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General Chat Thread, Public sector pay rises capped at 1% in General; I'd like to ask @ Flatpackhamster if he has a private pension or will he be relying on the state ...
  1. #76


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    I'd like to ask @Flatpackhamster if he has a private pension or will he be relying on the state pension when he retires?

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    JoeBloggs's Avatar
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    I think everyone should be happy they have a job with the number of unemployed, public or private sectors.

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    TechMonkey's Avatar
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    Don't forget the weasel words. 1% Cap. Not a 1% rise. So in fact they could actually give .75%, .5% or the magical 0%.

    Same with the pensions. The weasel words are anyone under £15,000 FTE will be exempt. That means a member of staff working 1 day a week in job a that would pay 15,000 if they did it full time will be deducted as if they were working full time. & they still aren't clarifying if that includes Pro-Rata workers.

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    Quote Originally Posted by j17sparky View Post
    You even manage to change the message of your source to suit your argument.

    So degree level people don't deserve to earn more than unskilled workers? Yet they actually earn less than those of equal level in the private sector. Comparing like for like actually "proves" you are incorrect [by your own source]
    This made my eye start twitching a little. So there are only people with a degree and unskilled workers?

    Do they factor in professional qualifications or levels of experience in a role as well, or is it just a straight up comparison between the elite (those with a degree) and the common, unskilled workers?

    So a big reason why public does better overall is because they got rid of low paid job which the private sector took on.
    Yep - contracted out cleaning, support, service provision, financials, trash collection, administration, parking administration, road repair...

    What exactly does the public sector do that it hasn't contracted out? I'm not talking about the NHS and schools here - I'm talking about all those administrators.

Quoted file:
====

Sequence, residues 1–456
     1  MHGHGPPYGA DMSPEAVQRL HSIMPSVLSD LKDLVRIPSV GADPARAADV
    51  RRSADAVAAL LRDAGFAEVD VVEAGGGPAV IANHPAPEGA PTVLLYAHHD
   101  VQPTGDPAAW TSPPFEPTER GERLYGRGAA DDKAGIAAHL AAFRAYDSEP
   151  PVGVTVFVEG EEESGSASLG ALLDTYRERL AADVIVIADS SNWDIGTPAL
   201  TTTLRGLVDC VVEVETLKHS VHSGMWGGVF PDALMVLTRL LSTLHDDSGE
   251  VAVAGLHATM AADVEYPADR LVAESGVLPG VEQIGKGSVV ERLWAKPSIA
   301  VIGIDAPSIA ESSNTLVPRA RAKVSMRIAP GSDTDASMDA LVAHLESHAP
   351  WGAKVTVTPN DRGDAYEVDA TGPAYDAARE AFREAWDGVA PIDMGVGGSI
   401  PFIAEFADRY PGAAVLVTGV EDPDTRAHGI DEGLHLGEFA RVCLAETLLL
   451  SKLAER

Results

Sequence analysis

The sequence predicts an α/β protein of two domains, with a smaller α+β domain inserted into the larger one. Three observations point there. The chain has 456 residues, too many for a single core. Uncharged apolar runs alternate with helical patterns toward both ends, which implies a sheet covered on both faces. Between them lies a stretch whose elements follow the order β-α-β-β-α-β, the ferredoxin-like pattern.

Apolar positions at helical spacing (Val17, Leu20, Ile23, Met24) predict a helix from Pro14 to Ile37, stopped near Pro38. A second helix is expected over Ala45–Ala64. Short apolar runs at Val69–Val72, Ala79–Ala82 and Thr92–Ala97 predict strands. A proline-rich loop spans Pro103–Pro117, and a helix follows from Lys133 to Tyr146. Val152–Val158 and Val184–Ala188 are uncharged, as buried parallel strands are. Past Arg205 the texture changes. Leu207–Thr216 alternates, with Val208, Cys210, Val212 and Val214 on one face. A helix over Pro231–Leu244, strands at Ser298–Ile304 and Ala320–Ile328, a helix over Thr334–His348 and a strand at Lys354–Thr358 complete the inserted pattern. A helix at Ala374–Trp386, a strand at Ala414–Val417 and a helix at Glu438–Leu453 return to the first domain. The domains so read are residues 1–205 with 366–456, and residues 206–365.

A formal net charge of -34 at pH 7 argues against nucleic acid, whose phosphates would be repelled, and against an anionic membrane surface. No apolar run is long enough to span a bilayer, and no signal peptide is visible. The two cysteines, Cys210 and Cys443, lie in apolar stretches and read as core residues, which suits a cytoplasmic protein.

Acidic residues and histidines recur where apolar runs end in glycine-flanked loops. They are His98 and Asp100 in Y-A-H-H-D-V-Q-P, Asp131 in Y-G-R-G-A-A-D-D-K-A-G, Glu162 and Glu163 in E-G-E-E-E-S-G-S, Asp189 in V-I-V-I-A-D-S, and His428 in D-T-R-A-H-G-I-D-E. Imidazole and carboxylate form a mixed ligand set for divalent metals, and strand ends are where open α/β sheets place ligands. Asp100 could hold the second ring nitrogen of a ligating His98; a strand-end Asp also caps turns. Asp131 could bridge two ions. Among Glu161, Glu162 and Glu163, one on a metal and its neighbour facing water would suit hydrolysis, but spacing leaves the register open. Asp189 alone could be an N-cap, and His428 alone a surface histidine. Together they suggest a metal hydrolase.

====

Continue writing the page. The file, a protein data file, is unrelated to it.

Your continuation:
So in other words the public sector has a much fairer system with fewer low paid and fewer high paid workers.
    There's that twitch again. The lowest paid in the public sector are simply farmed out, bringing up the average salary. Good way to cook the books so your salary range looks higher.

    Had at least 20 jobs in the private sector thanks, this is my first job in the public sector. It is also my first job where I have been expected to work overtime for free or at single time, the first to take holidays at only certain times, the first where cost of living rises have been so few and far between, the first where there is only 1 or 2 rungs on the ladder...
    In support, you are generally better off in the private sector. I've no argument against that.

    Quote Originally Posted by JoeBloggs View Post
    I think everyone should be happy they have a job with the number of unemployed, public or private sectors.
    I am happy I have a job (and I'm actually treated quite fairly by it) but I can certainly see why people who are being taken advantage of would complain. They should, nothing'll change unless people do something.

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    Quote Originally Posted by jamesb View Post
    This made my eye start twitching a little. So there are only people with a degree and unskilled workers?

    Do they factor in professional qualifications or levels of experience in a role as well, or is it just a straight up comparison between the elite (those with a degree) and the common, unskilled workers?
    Of course not, I don't have a degree but I'm not unskilled. The quote also included "high skilled jobs". I simply used degree as a way of comparing like for like, I couldn't be bothered to go into depth with the answer as it's getting pointless.




    Yep - contracted out cleaning, support, service provision, financials, trash collection, administration, parking administration, road repair...

    What exactly does the public sector do that it hasn't contracted out? I'm not talking about the NHS and schools here - I'm talking about all those administrators.
    Not every dept. in every council has contracted out everything you said there. But here you go Careers A-Z « Careers in local government – LGcareers



    There's that twitch again. The lowest paid in the public sector are simply farmed out, bringing up the average salary. Good way to cook the books so your salary range looks higher.
    Not every one is but a lot have been, which is exactly the point, and why it is pointless to say public sector get paid more than private.

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    Quote Originally Posted by laserblazer View Post
    I'd like to ask @Flatpackhamster if he has a private pension or will he be relying on the state pension when he retires?
    Ask away. By the time I retire, the state pension will be a distant memory for my generation. I'm not prepared to rely on the private pensions scheme either. I'm going to rely on savings. I've been self-reliant all my life and I don't plan to start being dependent on anyone, ever.

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    localzuk's Avatar
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    Quote Originally Posted by Flatpackhamster View Post
    Ask away. By the time I retire, the state pension will be a distant memory for my generation. I'm not prepared to rely on the private pensions scheme either. I'm going to rely on savings. I've been self-reliant all my life and I don't plan to start being dependent on anyone, ever.